Planning for school to work transition should also take in all elements of a young person’s life as they converge and influence each other. Elements include different environments (eg. home, work, recreation, entertainment, community), different roles (partner, friend, son/daughter, employee, community member) and personal needs (social, physical, emotional, intellectual).

To learn and practice their skills, think about providing your child with similar experiences at school, home and in their community environment. This will help to build the understanding, knowledge and skills they need to negotiate similar scenarios in the real work environment.

When you know what your child’s goals are and plan early on, it also provides time to seek out the right connections and contacts needed to find work and build positive relationships outside home and school with people and mentors that may be able to support and advise your child in the future.

Trainee programs for work readiness

Work readiness programs that are run in secondary schools can give young people with disabilities useful training and exposure to the workforce before they leave the education system. If they have a goal to be employed then this can help them become more emotionally prepared to manage change, and help them with practical considerations such as, workplace requirements and culture, and understanding and using public transport.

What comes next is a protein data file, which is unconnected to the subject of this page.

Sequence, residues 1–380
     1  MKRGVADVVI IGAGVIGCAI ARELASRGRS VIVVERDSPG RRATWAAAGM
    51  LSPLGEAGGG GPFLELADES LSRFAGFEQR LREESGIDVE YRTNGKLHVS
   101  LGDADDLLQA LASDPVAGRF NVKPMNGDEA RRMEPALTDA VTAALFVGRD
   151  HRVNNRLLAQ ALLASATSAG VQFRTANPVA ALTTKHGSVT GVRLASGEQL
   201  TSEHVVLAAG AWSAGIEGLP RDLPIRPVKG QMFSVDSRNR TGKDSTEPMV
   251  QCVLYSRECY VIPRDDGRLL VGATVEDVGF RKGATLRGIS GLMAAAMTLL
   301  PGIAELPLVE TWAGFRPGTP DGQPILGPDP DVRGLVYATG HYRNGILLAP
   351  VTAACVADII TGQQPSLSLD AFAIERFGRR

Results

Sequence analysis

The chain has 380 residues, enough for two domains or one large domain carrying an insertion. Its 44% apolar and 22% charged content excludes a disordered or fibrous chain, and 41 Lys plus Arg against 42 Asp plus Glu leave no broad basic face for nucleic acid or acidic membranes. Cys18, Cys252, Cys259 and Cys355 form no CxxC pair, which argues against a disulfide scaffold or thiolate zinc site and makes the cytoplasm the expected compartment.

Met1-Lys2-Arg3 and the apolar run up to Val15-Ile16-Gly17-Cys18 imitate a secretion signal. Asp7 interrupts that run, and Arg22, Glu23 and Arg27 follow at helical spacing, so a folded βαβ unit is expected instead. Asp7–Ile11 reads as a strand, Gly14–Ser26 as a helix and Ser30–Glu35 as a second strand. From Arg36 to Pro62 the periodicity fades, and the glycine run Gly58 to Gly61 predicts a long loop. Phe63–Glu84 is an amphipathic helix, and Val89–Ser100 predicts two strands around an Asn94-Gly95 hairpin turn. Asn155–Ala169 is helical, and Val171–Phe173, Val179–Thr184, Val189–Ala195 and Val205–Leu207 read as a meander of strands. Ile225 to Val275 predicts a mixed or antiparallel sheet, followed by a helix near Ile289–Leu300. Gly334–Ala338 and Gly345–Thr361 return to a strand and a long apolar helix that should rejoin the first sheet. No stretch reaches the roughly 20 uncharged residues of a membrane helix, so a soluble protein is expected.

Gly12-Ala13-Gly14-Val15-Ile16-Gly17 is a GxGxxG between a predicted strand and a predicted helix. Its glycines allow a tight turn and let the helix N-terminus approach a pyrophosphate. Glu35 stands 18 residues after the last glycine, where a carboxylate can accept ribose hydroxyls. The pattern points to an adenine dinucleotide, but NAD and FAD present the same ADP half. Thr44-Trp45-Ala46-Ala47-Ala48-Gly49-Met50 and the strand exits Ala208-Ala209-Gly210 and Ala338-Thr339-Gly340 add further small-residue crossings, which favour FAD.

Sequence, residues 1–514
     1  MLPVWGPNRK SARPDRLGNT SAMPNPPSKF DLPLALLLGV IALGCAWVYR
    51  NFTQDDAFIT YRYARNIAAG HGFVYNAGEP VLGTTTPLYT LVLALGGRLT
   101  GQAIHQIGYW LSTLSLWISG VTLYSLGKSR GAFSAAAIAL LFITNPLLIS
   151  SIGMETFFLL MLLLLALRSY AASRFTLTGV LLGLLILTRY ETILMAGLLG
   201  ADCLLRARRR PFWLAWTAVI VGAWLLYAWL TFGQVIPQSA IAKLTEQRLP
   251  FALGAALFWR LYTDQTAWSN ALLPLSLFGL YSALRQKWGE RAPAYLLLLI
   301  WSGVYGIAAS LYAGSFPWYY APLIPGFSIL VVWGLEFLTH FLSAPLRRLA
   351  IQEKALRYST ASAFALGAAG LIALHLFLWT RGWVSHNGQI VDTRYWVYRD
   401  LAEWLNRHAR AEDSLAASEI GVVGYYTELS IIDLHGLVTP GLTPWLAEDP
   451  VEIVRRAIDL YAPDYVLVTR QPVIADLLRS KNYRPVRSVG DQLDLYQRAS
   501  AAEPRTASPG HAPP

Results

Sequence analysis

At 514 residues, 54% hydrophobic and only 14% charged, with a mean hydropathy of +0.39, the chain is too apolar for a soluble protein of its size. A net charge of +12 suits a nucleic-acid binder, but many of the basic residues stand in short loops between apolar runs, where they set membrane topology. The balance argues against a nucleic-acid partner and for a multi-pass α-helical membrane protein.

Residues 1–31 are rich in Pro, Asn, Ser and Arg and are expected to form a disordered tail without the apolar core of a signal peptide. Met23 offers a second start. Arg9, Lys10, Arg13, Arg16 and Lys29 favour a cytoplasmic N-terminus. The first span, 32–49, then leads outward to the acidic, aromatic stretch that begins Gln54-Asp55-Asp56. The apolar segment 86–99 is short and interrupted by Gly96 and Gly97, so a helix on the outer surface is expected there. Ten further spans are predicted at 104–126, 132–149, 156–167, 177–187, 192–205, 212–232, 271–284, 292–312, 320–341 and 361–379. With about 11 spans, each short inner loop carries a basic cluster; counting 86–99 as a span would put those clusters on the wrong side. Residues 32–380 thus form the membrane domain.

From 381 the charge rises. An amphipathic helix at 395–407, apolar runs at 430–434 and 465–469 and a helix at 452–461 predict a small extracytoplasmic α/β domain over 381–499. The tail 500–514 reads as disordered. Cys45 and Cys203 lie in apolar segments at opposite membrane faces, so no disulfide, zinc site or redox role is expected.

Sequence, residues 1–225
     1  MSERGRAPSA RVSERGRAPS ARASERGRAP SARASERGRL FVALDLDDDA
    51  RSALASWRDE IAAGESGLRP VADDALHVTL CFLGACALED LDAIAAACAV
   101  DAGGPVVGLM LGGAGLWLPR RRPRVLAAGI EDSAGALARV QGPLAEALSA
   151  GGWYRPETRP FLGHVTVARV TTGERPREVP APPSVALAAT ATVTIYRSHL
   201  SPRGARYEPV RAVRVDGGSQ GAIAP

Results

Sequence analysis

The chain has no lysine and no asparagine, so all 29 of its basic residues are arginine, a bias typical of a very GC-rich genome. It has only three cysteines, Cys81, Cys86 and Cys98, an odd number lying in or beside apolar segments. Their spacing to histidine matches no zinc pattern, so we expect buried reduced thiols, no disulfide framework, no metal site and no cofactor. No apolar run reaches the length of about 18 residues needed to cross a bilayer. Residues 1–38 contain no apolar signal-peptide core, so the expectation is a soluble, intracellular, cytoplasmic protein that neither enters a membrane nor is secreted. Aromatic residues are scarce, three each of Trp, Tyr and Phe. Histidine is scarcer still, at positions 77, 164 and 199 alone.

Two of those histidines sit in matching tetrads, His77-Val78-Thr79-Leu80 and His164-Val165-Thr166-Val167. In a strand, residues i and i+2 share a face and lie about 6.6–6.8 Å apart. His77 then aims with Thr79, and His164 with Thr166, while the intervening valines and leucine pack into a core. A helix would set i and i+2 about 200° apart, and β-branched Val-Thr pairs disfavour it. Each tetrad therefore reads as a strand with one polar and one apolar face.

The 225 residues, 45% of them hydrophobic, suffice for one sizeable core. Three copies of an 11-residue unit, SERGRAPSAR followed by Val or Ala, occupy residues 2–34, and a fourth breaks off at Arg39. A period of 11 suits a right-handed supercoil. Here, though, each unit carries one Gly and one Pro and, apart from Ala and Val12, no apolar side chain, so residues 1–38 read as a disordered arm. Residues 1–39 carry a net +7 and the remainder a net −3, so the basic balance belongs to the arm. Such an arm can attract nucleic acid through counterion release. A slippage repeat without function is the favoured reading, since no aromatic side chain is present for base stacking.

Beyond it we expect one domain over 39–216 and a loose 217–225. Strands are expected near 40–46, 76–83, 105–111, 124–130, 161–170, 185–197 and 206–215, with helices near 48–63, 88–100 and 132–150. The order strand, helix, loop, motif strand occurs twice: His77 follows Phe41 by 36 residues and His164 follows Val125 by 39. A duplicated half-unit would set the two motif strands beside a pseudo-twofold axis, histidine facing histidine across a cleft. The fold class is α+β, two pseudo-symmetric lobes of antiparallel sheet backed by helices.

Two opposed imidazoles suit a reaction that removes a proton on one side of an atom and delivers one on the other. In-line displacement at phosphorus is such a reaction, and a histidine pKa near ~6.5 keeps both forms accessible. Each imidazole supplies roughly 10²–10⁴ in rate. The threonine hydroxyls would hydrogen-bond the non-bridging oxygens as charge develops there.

For example, Ticket to Work is a national initiative interfaced with the NDIS to prepare and support young people with disabilities to enter the workforce. Local Ticket to Work networks match students with employers to increase the opportunity for meaningful work experiences and learning prior to leaving school.

Networks also provide students, parents and employers with support and guidance during and after the process.

Connecting with an NDIS disability support provider

For parents, the school-to-work transition for people with disabilities can be daunting and uncertain as you get to grips with your child’s new phase of life. Simultaneously, it is also a rewarding time for parents, as you see your child grow and develop into adulthood.

If you’ve been the primary caregiver, being able to let go of the reins a little could also signify a new opportunity to return to some work or other personal goals.

To plan and negotiate this unique stage of life successfully it is really important that you connect with an NDIS support provider that:

  • specialises in working with teens and young adults, and
  • has experience in planning and supporting young people through the school to work transition.

A good provider should be able to assist your child to access the skills, knowledge, experiences and capacity building opportunities they need.

As your child grows up and looks toward their future, it is important their support provider is able to mentor them through this significant life stage and also continue to support them through the various other stages of their life.

How to choose an NDS Provider for Teens & Young Adults